FDA-approved

• Indicated for the treatment of adults with moderate-to-severe plaque psoriasis who are candidates for systemic therapy or phototherapy

• The recommended dose is 100 mg as a subcutaneous injection at Week 0, Week 4, and every 8 weeks thereafter

• A patient may self-inject after proper training in subcutaneous injection technique

• The prefilled syringe should be removed from the refrigerator to allow the solution to reach room temperature (about 30 minutes) before injection

Dose Adjustments

• No specific guidelines for dosage adjustments for renal or hepatic impairment are available. It appears that no dosage adjustments are needed.

Drug Availability

• 100 mg/1 mL in a single-use prefilled syringe

• Store in a refrigerator at 2ºC to 8ºC (36ºF to 46ºF)

PRECAUTIONS:

Boxed Warning

• None

Contraindications

• None

Precautions/Warnings

Adverse Reactions: The most common (≥1%) adverse reactions associated with guselkumab treatment include upper respiratory infections, headache, injection site reactions, arthralgia, diarrhea, gastroenteritis, tinea infections, and herpes simplex infections.

Infections: Guselkumab may increase the risk of infection. In clinical trials, infections occurred in 23% of subjects in the guselkumab group versus 21% of subjects in the placebo group through 16 weeks of treatment. Consider the risks and benefits prior to initiating guselkumab in patients with a chronic infection or a history of recurrent infection. Instruct patients to seek medical help if signs or symptoms of clinically important chronic or acute infection occur. If a serious infection develops or if an infection is not responding to standard therapy, monitor the patient closely and discontinue guselkumab until the infection resolves.

Tuberculosis (TB): Evaluate patients for TB infection prior to initiating treatment with guselkumab. Do not administered guselkumab to patients with active tuberculosis infection.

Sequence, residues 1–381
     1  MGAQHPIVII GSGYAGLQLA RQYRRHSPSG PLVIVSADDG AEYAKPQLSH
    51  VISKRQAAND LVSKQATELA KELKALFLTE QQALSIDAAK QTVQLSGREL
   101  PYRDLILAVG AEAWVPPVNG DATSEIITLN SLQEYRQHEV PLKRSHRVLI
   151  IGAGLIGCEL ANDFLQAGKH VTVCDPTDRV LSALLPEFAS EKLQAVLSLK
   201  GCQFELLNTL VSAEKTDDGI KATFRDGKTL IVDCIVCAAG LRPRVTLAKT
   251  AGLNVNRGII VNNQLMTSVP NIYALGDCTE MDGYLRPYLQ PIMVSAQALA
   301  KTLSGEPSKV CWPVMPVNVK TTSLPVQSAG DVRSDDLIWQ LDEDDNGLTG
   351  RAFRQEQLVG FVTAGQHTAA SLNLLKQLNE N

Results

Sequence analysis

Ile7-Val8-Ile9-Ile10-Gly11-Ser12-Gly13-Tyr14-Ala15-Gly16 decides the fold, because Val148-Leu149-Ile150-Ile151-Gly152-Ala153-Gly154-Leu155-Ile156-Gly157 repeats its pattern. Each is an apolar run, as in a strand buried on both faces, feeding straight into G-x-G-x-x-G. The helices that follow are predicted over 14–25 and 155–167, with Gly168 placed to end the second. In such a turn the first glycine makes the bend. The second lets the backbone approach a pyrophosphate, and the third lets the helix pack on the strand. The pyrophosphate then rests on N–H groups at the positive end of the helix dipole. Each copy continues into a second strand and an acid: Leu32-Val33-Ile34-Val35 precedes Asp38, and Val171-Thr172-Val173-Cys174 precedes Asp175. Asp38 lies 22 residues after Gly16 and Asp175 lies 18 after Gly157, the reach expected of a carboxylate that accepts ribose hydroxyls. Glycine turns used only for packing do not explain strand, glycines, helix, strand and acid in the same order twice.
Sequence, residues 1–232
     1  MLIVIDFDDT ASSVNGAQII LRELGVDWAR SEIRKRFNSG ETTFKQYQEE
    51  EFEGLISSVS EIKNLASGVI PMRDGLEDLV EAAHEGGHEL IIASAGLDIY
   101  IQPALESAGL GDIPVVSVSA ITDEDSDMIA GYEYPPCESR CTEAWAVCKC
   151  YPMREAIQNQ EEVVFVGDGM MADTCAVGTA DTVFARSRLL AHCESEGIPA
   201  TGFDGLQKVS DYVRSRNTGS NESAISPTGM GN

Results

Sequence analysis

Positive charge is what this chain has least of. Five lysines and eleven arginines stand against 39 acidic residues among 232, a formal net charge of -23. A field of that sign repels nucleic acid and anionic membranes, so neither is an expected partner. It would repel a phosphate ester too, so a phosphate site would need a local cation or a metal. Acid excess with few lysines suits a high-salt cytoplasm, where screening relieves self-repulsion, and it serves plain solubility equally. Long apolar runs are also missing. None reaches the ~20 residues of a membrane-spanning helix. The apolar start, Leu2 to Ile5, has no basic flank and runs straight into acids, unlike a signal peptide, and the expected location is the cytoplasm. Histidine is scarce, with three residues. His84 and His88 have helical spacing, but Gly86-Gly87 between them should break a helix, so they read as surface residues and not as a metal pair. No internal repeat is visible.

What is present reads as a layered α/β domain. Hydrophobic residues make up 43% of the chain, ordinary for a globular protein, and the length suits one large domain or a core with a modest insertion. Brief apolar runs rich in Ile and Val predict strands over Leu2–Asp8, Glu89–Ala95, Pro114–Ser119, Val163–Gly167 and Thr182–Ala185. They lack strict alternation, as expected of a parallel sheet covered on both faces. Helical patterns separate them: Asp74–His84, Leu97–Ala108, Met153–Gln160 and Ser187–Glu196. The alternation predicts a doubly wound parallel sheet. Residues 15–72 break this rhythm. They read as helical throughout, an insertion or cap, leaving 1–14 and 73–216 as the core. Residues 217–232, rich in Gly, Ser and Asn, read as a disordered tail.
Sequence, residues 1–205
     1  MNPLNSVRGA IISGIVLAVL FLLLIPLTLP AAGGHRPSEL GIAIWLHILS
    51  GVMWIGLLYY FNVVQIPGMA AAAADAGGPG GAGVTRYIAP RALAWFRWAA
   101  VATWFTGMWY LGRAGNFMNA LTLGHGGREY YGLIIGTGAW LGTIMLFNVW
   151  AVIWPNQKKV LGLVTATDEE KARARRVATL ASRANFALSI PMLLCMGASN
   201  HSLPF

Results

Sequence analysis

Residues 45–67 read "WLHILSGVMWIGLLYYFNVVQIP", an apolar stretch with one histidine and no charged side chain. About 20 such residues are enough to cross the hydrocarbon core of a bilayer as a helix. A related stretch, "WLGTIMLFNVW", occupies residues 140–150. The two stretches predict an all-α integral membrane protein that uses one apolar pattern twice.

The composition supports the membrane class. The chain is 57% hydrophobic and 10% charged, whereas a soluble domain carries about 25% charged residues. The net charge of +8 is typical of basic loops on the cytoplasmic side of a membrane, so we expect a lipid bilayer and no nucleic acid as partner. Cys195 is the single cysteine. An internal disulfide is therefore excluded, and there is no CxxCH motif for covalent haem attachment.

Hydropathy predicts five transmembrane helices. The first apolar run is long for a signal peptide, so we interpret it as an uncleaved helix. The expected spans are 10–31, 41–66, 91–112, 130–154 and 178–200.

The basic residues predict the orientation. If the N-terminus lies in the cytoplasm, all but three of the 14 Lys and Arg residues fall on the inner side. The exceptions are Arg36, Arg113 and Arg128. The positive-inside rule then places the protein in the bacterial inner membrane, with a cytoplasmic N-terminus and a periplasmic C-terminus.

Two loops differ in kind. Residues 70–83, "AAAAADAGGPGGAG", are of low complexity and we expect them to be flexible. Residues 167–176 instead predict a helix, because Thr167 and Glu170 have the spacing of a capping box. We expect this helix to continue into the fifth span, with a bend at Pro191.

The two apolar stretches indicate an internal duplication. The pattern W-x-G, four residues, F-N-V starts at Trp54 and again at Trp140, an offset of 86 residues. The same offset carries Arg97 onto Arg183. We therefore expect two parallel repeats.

Immunizations: Avoid using live vaccines concurrently with guselkumab due to the possibility of transmission of infection by the vaccine.

CYP450 Substrates: The formation of CYP450 enzymes can be altered by increased levels of certain cytokines during chronic inflammation, and treatment with guselkumab may modulate serum levels of some cytokines. Therefore, upon initiation or discontinuation of guselkumab in patients who are receiving concomitant drugs which are CYP450 substrates, particularly those with a narrow therapeutic index, consider monitoring for effect (e.g., for warfarin) or drug concentration (e.g., for cyclosporine) and consider dosage modification of the CYP450 substrate.

Pregnancy: There are no available data on use in pregnant women to inform a drug associated risk of adverse developmental outcomes. Human IgG antibodies are known to cross the placental barrier; therefore, guselkumab may be transmitted from the mother to the developing fetus. A study in pregnant cynomolgus monkeys given weekly guselkumab doses up to 30-times the maximum recommended human dose found no evidence of malformations or embryofetal toxicity. View the prescribing information for additional details.

BILLING/CODING INFORMATION:

The following codes may be used to describe:

HCPCS Coding

C9399

Unclassified drugs or biologicals (Hospital outpatient use ONLY)

J3590

Unclassified biologics

ICD-10 Diagnoses Codes That Support Medical Necessity

L40.0

Psoriasis vulgaris

REIMBURSEMENT INFORMATION:

Refer to section entitled POSITION STATEMENT.

PROGRAM EXCEPTIONS:

Federal Employee Program (FEP): Follow FEP guidelines.

State Account Organization (SAO): Follow SAO guidelines.

Medicare Part D: BCBSF has delegated to Prime Therapeutics authority to make coverage determinations for the Medicare Part D services referenced in this guideline.

Medicare Advantage: No National Coverage Determination (NCD) and/or Local Coverage Determination (LCD) were found at the time of guideline creation.

DEFINITIONS:

Plaque psoriasis: It is the most common form of psoriasis. It affects 80 to 90% of people with psoriasis. Plaque psoriasis typically appears as raised areas of inflamed skin covered with silvery white scaly skin. These areas are called plaques.

RELATED GUIDELINES:

Adalimumab (Humira), 09-J0000-46

Apremilast (Otezla), 09-J2000-19

Brodalumab (Siliq), 09-J2000-79

Etanercept (Enbrel), 09-J0000-38

Infliximab (Remicade®) and Infliximab-dyyb (Inflectra®)

Ixekizumab (Taltz) Injection, 09-J2000-62

Psoralens with Ultraviolet A (PUVA), 02-10000-16

Secukinumab (Cosentyx), 09-J2000-30

Ustekinumab (Stelara), 09-J1000-16

OTHER:

None